Possible interactions

If you are currently being treated with any of the following medications, you should not use cayenne supplements without first talking to your doctor.

ACE inhibitors: Using capsaicin cream may raise the risk of developing a cough, which is one of the side effects of ACE inhibitors. These medications are used to treat high blood pressure (hypertension). People who take ACE inhibitors should talk to their doctor before taking cayenne. ACE inhibitors include:

  • Captopril (Capoten)
  • Elaropril (Vasotec)
  • Fosinopril (Monopril)
  • Lisinopril (Zestril)

Stomach acid reducers: Capsaicin can increase stomach acid, making these drugs less effective. These drugs include:

  • Cimetidine (Tagamet)
  • Esomeprazole (Nexium)
  • Famotidine (Pepcid)
  • Omeprazole (Prilosec)
  • Ranitidine (Zantac)
  • Over-the-counter drugs such as Maalox, Rolaids, Tums
  • Nonprescription versions of Tagamet, Pepcid, Zantac, and Prilosec

Aspirin: Capsaicin may make aspirin less effective as a pain reliever. It may also increase the risk of bleeding associated with aspirin.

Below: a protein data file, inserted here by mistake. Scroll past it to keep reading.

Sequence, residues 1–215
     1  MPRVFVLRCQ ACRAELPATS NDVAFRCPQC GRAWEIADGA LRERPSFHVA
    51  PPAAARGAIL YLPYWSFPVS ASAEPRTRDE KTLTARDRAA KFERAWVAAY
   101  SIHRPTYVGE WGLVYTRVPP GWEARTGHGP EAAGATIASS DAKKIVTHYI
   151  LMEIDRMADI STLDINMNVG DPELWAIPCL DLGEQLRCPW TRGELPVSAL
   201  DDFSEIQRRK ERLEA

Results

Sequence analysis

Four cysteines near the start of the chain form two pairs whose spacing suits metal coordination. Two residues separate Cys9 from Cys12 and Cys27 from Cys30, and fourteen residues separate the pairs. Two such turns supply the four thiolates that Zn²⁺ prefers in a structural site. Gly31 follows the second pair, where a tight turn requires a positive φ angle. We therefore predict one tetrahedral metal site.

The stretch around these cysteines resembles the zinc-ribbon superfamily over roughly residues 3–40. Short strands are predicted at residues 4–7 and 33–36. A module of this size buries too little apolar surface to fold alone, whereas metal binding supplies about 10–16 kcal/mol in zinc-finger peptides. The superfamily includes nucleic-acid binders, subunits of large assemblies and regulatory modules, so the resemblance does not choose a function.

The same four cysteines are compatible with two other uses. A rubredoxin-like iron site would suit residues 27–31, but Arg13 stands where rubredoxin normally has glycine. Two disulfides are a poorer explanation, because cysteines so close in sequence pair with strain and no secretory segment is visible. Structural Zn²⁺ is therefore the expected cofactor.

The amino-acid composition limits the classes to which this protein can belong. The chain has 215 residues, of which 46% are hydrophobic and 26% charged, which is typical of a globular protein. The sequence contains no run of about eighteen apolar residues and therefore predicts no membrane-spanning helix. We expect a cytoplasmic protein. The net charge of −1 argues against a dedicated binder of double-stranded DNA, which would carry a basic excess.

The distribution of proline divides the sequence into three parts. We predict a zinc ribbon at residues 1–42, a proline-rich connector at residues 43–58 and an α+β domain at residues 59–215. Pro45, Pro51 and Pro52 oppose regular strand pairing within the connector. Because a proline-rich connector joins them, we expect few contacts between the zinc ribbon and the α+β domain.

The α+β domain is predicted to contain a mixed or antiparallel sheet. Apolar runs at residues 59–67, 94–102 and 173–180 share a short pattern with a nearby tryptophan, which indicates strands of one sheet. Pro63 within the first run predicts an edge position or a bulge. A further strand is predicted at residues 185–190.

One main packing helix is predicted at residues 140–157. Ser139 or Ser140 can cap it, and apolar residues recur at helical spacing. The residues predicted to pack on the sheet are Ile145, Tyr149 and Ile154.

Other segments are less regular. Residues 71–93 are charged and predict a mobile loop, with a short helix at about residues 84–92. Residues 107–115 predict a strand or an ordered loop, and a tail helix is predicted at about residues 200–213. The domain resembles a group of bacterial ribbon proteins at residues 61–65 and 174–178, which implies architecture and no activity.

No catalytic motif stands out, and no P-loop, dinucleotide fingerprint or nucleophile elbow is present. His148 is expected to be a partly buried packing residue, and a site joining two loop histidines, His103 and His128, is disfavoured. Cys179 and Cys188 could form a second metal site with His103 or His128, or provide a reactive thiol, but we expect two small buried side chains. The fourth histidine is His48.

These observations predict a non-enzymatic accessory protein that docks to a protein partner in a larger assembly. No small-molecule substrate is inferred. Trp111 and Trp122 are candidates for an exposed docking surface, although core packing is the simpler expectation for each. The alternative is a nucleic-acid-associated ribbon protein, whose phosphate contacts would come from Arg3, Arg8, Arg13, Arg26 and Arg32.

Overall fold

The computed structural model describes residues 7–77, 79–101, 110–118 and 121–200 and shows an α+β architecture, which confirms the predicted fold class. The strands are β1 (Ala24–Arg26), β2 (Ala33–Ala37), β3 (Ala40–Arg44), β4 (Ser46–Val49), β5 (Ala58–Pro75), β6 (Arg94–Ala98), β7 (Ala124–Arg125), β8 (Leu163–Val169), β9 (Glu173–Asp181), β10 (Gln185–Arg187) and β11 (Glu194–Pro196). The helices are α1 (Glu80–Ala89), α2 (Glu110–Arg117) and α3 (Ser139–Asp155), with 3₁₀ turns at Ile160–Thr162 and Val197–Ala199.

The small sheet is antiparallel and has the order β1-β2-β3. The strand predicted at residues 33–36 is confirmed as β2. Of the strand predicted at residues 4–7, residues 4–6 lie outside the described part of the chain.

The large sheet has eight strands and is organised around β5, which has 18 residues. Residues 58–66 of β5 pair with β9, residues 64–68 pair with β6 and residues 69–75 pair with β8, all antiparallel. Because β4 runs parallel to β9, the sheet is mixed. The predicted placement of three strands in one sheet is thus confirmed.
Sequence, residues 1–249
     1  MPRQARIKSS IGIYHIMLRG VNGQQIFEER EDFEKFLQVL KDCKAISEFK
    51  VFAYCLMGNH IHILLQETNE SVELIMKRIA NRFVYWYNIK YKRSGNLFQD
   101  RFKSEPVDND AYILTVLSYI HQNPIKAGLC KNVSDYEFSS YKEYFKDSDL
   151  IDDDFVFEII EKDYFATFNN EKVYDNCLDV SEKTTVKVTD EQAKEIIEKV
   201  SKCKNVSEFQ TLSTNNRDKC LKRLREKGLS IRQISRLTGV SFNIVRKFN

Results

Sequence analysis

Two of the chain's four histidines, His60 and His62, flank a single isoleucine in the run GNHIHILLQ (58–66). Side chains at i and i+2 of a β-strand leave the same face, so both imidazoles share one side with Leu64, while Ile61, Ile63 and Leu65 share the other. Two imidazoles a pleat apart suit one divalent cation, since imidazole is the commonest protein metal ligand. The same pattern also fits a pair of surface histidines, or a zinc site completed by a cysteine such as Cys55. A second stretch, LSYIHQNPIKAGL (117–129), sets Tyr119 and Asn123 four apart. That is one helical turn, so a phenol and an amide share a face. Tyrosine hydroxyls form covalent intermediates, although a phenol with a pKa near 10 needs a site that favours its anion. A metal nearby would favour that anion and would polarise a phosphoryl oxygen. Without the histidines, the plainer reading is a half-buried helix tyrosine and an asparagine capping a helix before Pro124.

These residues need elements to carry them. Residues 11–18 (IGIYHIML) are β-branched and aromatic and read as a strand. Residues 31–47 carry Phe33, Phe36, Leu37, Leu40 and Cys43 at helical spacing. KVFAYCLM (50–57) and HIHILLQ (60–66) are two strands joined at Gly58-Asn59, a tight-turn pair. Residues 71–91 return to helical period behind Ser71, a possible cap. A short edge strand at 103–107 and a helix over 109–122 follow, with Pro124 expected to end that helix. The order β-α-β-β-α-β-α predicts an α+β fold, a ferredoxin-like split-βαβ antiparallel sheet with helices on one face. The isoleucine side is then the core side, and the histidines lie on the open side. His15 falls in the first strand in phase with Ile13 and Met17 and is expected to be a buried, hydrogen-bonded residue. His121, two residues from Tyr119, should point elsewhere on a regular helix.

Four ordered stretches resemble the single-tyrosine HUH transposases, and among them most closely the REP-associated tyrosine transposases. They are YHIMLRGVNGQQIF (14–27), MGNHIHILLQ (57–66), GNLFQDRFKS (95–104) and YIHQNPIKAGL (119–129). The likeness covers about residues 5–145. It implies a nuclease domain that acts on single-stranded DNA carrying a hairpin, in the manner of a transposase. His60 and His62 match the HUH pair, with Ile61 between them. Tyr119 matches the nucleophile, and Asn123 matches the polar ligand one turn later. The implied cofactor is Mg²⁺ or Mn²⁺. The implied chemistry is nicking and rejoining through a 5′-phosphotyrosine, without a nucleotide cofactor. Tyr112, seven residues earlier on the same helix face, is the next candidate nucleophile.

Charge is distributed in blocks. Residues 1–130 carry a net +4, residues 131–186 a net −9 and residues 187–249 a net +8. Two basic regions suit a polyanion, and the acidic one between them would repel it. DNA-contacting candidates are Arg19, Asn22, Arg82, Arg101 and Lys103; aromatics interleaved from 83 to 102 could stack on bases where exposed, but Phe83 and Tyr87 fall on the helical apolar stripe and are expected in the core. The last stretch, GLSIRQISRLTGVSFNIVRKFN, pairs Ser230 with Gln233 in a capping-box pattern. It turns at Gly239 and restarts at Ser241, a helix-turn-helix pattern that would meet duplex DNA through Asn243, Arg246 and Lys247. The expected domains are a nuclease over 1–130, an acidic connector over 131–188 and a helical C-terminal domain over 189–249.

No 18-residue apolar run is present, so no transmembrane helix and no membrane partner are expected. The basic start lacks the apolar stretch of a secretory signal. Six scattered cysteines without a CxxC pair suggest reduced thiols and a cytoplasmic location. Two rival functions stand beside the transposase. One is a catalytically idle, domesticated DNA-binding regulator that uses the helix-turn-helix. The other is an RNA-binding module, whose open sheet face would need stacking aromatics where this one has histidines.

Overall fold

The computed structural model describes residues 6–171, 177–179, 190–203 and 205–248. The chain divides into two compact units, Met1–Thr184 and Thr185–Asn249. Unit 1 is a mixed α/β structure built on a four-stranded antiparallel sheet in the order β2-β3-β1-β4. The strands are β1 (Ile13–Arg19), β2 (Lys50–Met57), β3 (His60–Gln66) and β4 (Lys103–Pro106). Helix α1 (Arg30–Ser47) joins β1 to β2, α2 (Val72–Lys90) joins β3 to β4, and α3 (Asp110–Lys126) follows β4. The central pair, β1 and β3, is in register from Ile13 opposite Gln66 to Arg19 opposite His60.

Blood-thinning medications and herbs: Capsaicin may increase the risk of bleeding associated with certain blood-thinning medications such as warfarin (Coumadin), clopidogrel (Plavix), and herbs such as ginkgo, ginger, ginseng, and garlic.

Medications for diabetes: Capsaicin lowers blood sugar levels, raising the risk of low blood sugar (hypoglycemia). If you have diabetes, ask your doctor before using capsaicin.

Theophylline: Regular use of cayenne may cause your body to absorb too much theophylline, which is a medication used to treat asthma. This could be dangerous.

Supporting research

Ahuja KD, Robertson IK, Geraghty DP, Ball MJ. Effects of chilli consumption on postprandial glucose, insulin, and energy metabolism. Am J Clin Nutr . 2006;84(1):63-69.

Ahuja KD, Ball MJ. Effects of daily ingestion of chilli on serum lipoprotein oxidation in adult men and women. Br J Nutr . 2006;96(2):239-242.